HARTFORD, Conn. (AP) – It’s now up to the General Assembly and the federal Bureau of Indian Affairs to approve an agreement that could lead to a new satellite tribal casino in Connecticut. Democratic Gov. Dannel P. Malloy and the Mashantucket Pequot and Mohegan tribal leaders on Thursday signed amended compacts and memoranda of understanding between the state and the two federally recognized tribes. The revised agreements ensure the proposed, jointly owned casino the tribes want to build in East Windsor will not compromise the state’s current revenue-sharing arrangement with the tribes, who own and operate Foxwoods Resort Casino and Mohegan Sun. The General Assembly will next act on the amended agreements, followed by the Bureau of Indian Affairs. MGM Resorts says it will continue to challenge the constitutionality of the process in court.


HARTFORD, Conn. (AP) – A new report shows Connecticut gained 7,000 net jobs in June, moving closer toward recovering all the jobs lost in the 2008-2010 recession. Thursday’s Department of Labor monthly employment report indicates Connecticut has recovered 84 percent of the 119,100 seasonally adjusted jobs lost in the so-called Great Recession. The state still needs an additional 19,100 jobs to reach full recovery. Andy Condon, director of the agency’s Office of Research, notes that private sector jobs “have now completely recovered.” He says figures from the U.S. Bureau of Labor Statistics are preliminary and subject to revision. The government sector suffered the largest job losses in 2017. That group includes tribal casino and public higher education workers. The unemployment rate is now 5 percent, up slightly from 4.9 percent in May.


A rash of overdoses in New London on Thursday is being traced to a bad batch of synthetic marijuana. Fire Battalion Chief Ted Sargent says six people were sent to the hospital between 8 AM and 2 PM, with none of the overdoses appearing to be life-threatening. All of the medical calls came from the area around Hobron Street, between Shaw Street and Montauk Avenue. A suspected heroin overdose was also treated.


A Griswold woman has been charged in connection with a January home invasion. 34-year old Danielle Dubicki is accused of being one of five people involved in the crime after a man sought a female escort at his Washington Street apartment in Norwich. Police say the man was beaten and robbed. The home invasion apparently stemmed from an October 2016 incident whereby the victim paid the escort for drugs that she never delivered. Dubicki was held on 150-thousand dollars bond, and is due in court August 7th.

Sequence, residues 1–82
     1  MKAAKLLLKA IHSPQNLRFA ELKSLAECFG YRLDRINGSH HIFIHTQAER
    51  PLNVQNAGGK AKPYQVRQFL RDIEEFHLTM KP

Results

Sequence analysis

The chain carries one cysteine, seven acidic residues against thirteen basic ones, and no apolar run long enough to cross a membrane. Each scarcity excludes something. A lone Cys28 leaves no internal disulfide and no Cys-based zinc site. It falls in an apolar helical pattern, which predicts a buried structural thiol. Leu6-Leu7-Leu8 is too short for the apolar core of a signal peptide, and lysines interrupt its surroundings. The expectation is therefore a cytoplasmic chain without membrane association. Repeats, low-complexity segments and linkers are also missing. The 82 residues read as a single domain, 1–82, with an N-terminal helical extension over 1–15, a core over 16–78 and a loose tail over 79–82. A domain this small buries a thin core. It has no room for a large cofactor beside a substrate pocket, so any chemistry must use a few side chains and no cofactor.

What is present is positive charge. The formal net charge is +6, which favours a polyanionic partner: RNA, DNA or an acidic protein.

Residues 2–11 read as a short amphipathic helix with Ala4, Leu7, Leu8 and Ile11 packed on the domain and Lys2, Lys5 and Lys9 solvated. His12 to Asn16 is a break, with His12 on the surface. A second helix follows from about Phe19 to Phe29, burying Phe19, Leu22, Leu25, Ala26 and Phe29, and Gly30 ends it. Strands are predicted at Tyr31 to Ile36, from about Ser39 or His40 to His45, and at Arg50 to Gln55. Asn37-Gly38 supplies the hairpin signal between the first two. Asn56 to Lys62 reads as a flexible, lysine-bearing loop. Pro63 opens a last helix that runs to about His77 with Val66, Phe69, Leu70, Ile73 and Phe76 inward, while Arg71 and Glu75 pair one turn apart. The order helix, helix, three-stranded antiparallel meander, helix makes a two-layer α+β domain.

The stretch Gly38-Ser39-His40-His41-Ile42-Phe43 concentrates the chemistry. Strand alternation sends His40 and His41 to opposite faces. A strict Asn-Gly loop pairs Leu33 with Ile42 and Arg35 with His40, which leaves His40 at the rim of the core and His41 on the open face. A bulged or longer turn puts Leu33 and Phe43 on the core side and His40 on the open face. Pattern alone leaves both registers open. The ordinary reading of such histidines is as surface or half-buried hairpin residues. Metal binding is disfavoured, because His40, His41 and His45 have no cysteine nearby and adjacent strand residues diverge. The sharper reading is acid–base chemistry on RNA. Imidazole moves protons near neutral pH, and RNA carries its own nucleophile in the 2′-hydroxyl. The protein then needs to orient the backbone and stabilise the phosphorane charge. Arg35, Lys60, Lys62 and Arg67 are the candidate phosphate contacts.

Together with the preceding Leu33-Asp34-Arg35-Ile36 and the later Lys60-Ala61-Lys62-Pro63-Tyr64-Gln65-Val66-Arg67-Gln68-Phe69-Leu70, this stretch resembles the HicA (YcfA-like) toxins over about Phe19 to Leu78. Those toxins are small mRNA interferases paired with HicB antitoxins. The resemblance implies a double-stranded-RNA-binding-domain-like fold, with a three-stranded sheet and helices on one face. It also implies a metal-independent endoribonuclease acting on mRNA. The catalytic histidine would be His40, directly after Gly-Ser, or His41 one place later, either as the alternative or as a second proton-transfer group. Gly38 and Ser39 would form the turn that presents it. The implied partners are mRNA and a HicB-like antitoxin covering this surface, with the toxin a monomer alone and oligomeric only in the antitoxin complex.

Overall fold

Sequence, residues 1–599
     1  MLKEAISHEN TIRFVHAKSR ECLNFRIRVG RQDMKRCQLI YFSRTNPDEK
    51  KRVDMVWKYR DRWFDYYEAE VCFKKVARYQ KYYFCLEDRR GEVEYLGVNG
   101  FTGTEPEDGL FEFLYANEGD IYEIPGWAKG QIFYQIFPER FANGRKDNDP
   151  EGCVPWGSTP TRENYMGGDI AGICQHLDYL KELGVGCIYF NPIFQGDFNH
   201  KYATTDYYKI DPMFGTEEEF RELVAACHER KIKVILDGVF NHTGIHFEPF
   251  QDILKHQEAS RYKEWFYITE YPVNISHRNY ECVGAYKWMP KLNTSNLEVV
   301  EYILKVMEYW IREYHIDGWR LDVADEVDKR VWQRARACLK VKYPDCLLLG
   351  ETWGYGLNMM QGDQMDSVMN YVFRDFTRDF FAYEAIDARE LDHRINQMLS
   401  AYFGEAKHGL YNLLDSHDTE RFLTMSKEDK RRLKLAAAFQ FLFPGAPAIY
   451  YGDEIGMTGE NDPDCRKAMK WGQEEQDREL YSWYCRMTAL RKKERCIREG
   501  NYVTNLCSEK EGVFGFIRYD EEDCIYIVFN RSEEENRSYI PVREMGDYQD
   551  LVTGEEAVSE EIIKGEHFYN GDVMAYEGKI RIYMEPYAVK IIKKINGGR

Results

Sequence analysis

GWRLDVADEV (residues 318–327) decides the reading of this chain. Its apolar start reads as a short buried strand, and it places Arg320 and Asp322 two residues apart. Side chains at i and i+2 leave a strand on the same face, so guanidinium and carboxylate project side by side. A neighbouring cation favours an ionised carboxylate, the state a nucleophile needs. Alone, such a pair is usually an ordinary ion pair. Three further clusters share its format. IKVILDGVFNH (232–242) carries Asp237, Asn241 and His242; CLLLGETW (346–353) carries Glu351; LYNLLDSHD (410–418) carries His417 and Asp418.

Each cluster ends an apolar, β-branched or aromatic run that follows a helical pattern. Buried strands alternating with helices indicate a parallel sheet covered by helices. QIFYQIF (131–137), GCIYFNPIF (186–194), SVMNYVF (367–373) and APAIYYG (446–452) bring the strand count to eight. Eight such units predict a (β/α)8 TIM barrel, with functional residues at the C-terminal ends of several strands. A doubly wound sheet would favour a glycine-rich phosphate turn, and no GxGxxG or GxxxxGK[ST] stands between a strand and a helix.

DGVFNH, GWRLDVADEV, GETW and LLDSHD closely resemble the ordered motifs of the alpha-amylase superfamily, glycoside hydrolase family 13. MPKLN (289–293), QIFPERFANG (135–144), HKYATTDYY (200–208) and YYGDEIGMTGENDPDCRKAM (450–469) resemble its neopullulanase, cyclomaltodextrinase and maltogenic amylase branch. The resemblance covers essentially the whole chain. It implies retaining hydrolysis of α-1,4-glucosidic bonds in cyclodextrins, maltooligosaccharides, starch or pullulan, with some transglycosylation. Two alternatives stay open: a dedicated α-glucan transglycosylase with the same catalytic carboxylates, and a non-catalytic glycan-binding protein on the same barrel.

A man is being treated at Backus Hospital in Norwich after suffering a serious leg injury in the woods near the Greeneville Dam. The victim was rescued Wednesday night by city police and fire officials, who used a forestry vehicle to get to the man because of the difficult terrain. He was placed in a rescue basket and carried to a waiting ambulance. No word on how the man was injured.


The oldest home still standing in Salem will remain in the hands of the town’s historical society. Voters at a town meeting this week reject a proposal that would turn over the Whittlesey House on Hartford Road to the town. The Historical Society’s plan was to sell the property for 50-thousand dollars, stretched out over 10 years to give the group some funding, while allowing time for a potential developer to come forth to restore the home. It was built around 1700, and was the home of the founder of the Music Vale Seminary, which is believed to be the first music conservatory in the U-S.

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